Prehospital services need to be coordinated so that the right patient is taken to the right hospital in the right time. This calls for a lead agency at the district, state, and finally at the national level. Steps have been taken in the state of Gujarat  and at the national level.  Regionalization of trauma care and attempts at inclusive trauma care rather than stand alone trauma centers, which may not be economically viable with our resources, are essential. Head injury was the commonest cause of death at 66%, and this finding would be of help in developing outreach programs for trauma care in referral hospitals. Any prehospital system, however narrowly defined, will be called upon to respond to all sorts of emergency. When these prehospital care systems are linked to a regional public health system, they can substantially enhance access to care for a wide range of emergencies, identify opportunities for improvement and strengthen a country's overall disaster response capacity.
In conclusion, the process whereby trauma patients arrive at our center is unsafe. Hence the designated trauma center should take the lead responsibility, in the search for solutions and implementation, relevant to local regions with a high trauma rate.
We recommend the following for our catchment area of 150 km:
Strength of the study
- Optimal distribution of available skills
- Trauma care has to be regionalized and inclusive with tighter integration across the two political jurisdictions. This will entail triage guidelines, predetermined destination protocols, upgrading of referral centers, and targeted outreach programs to upgrade skills
- Public awareness must be improved
- Medico legal practices should be simplified
- Strengthen definitive care across the entire region
- Establish education, training, and skill maintenance
- Encourage research.
This study was undertaken in a state public hospital that has a large trauma load. We believe that our study is the first in India to log the entire prehospital time of fatal injuries. An attempt was made to analyze each dimension that can lead to strategically chosen initiatives for improvement. The descriptive characteristics may be employed in the development of triage protocols and transfer guidelines, and initiate an inclusive trauma system across political borders.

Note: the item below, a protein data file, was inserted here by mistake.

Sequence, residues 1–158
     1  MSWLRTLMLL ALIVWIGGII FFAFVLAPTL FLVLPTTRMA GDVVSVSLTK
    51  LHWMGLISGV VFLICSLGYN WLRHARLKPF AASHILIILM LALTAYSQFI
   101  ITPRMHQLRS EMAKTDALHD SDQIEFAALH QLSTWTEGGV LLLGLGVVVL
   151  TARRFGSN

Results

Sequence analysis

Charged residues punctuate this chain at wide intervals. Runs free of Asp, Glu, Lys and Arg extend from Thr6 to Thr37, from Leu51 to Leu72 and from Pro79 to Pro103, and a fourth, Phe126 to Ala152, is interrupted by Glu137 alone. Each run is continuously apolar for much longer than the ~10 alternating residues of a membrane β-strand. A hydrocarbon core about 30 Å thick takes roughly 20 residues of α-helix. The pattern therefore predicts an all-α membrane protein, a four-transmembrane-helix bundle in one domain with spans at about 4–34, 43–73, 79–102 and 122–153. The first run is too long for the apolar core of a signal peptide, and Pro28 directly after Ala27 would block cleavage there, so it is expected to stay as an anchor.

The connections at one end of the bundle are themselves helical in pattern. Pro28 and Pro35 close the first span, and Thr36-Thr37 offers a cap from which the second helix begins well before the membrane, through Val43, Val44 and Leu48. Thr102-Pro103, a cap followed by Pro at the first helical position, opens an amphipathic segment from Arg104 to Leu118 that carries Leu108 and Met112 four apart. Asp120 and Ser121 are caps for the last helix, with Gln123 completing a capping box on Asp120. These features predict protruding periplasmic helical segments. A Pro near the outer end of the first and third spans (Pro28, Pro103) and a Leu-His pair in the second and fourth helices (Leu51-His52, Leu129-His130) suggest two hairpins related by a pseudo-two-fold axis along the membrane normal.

Limitations of the study
This is a single center study. There is always a probability of Berkson's bias and external validity of the outcome of study is limited as this was a hospital-based study with our limited resources. The distance was calculated approximately, by conventional estimates and at times taken as a straight line. Hence, the actual distance traveled may be much greater. Time taken to travel the same distance during peak traffic times will be even longer. Even if the accident happened during the quiet period, the patient may be traveling during peak hours to reach our facility. Only fatal cases were included as completion of the log was available during post mortem, where the police and relatives were available en masse and thus could provide missing data.
| Future Directions of Study|| |
This study addresses one prehospital aspect in rapidly urbanizing areas in India. In most of the places in India, prehospital care is just providing ambulances. Further studies of this nature would be able to initiate focus by the stakeholders, on the more important structural part of prehospital care. Future linking of data from nontrauma center acute care hospitals would help in exactly pinpointing the correctable flaws in the prehospital system in this part of the country. Therefore, further studies based on the results and recommendations from this pilot study are advocated.
| Acknowledgement|| |
We acknowledge contributions of Dr. R Balaraman Head, Department of Forensic Medicine and Dr. S Diwakar, Specialist, Department of Forensic Medicine, Indira Gandhi Government Hospital and Postgraduate institute, Puducherry, in our study.
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Angeline N Radjou
Department of Surgery, Indira Gandhi Medical College and Research Institute, Puducherry
Source of Support: None, Conflict of Interest: None
[Figure 1], [Figure 2], [Figure 3], [Figure 4], [Figure 5]
[Table 1], [Table 2], [Table 3]